This project is the first of a series of desert dwelling prototypes that comprise an ongoing body of research into off-grid living in a relatively extreme climate. All three research sites are located in the remote community of Los Zacatitos, in Baja California Sur, Mexico.
The project's four detached buildings and their related exterior spaces are carefully arranged around the contours of a natural bowl on the four-acre site so as to catch prevailing breezes, allow seasonal arroyos to flow freely, and in response to existing granite outcrops and desert flora. Two smaller villas with sleeping accommodation flank the principal living space with a garage / utility structure placed behind these buildings forming an entry court. Each villa is organized around a cooling courtyard planted with indigenous flora and irrigated with grey water. The passive heating/cooling strategies are founded on traditional spanish architecture’s use of outdoor courts and abstracted to create a modern green building form. The orientation of the villas and the interrelationship of exterior circulation, interior and exterior living spaces, and interior breezeways affords the use the prevailing breezes employing the Venturi effect to generate a comfortable living environment year round, while also mediating architectural considerations of privacy and place.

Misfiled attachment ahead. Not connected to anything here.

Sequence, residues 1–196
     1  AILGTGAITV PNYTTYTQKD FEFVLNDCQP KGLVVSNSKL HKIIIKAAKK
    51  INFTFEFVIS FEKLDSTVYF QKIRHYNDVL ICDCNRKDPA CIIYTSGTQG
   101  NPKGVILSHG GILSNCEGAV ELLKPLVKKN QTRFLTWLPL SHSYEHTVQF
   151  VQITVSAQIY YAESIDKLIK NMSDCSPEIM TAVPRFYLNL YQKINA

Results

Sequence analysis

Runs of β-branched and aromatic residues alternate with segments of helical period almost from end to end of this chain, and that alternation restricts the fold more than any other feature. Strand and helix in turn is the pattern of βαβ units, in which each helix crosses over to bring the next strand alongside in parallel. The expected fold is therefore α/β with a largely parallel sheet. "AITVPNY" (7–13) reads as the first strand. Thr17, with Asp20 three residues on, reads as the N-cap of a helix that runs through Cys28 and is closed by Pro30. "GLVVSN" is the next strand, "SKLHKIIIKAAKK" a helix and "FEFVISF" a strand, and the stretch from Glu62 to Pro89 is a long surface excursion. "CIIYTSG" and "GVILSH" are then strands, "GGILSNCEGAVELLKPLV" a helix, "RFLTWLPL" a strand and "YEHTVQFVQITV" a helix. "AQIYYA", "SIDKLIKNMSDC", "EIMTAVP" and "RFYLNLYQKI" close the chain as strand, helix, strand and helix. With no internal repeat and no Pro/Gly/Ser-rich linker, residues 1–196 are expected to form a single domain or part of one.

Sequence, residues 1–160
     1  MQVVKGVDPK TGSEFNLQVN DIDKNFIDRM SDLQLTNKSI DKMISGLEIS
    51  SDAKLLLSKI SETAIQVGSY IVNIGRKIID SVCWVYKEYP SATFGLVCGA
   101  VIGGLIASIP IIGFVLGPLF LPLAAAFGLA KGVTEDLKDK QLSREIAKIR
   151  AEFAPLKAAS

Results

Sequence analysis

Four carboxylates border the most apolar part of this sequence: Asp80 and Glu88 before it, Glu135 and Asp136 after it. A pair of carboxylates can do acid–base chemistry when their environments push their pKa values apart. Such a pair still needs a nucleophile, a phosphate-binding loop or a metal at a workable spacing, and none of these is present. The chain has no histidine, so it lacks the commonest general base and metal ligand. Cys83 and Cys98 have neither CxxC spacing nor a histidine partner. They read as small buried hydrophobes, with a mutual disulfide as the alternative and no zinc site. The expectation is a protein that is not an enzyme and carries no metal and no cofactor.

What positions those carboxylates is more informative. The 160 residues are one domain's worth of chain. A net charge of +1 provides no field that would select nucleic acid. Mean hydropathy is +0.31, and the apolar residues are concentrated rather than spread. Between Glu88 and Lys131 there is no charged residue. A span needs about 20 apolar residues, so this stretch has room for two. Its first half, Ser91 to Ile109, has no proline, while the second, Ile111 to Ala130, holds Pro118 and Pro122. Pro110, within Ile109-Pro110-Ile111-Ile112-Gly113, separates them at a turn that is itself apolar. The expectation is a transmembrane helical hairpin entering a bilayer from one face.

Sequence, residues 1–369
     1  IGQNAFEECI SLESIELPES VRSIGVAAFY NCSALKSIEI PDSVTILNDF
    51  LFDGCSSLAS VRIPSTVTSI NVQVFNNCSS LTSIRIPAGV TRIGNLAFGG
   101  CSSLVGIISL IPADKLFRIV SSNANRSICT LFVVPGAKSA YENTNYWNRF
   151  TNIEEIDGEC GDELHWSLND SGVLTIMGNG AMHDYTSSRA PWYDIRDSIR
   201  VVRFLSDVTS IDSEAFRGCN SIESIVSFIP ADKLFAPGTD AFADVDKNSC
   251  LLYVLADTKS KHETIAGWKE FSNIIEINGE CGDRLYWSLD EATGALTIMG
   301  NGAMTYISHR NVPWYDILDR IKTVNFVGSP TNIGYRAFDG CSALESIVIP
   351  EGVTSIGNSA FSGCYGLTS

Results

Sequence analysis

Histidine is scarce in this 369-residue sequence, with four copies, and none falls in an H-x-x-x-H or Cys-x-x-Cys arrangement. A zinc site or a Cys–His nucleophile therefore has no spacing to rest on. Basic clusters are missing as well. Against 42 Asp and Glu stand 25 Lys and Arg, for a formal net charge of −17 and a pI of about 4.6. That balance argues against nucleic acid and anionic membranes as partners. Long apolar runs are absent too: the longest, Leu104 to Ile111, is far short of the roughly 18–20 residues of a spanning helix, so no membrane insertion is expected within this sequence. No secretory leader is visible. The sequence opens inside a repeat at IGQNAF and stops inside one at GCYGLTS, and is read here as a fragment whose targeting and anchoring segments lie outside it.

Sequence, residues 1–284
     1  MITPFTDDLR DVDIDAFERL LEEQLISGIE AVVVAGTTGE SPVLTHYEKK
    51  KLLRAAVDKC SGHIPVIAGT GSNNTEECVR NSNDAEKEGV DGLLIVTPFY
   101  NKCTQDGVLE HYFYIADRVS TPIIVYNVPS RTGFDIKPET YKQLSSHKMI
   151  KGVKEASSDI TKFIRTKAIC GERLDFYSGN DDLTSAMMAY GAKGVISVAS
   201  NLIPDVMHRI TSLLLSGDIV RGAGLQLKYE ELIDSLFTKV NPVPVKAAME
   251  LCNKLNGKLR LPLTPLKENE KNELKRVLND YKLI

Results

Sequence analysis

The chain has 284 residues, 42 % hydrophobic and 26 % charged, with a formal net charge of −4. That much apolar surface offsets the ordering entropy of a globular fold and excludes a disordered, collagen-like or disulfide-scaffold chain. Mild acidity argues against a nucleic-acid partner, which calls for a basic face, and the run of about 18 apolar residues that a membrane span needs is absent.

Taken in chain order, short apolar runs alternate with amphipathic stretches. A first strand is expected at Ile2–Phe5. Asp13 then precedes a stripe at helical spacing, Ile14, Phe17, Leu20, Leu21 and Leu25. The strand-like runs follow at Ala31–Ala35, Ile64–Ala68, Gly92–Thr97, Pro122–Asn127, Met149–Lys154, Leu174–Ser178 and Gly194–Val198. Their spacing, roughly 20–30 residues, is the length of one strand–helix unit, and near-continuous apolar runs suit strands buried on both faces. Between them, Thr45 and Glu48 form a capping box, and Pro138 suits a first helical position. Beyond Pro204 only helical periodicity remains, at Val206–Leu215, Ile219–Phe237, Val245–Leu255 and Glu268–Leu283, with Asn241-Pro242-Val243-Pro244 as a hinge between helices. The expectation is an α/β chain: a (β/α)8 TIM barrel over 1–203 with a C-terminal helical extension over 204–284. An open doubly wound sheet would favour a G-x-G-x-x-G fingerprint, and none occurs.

The minimal formal expression of the project was developed through a subtractive methodology applied to a series of platonic volumes carefully oriented on the site. In a manner that is analogous to the desert context, the understated formal complexity of the project was developed as a direct response to extreme environmental conditions.
Location / Los Zacatitos, Baja California Sur, Mexico Project Type / New Build Size: 5000 sf Completion / 2003
Photo Credits: John Sinal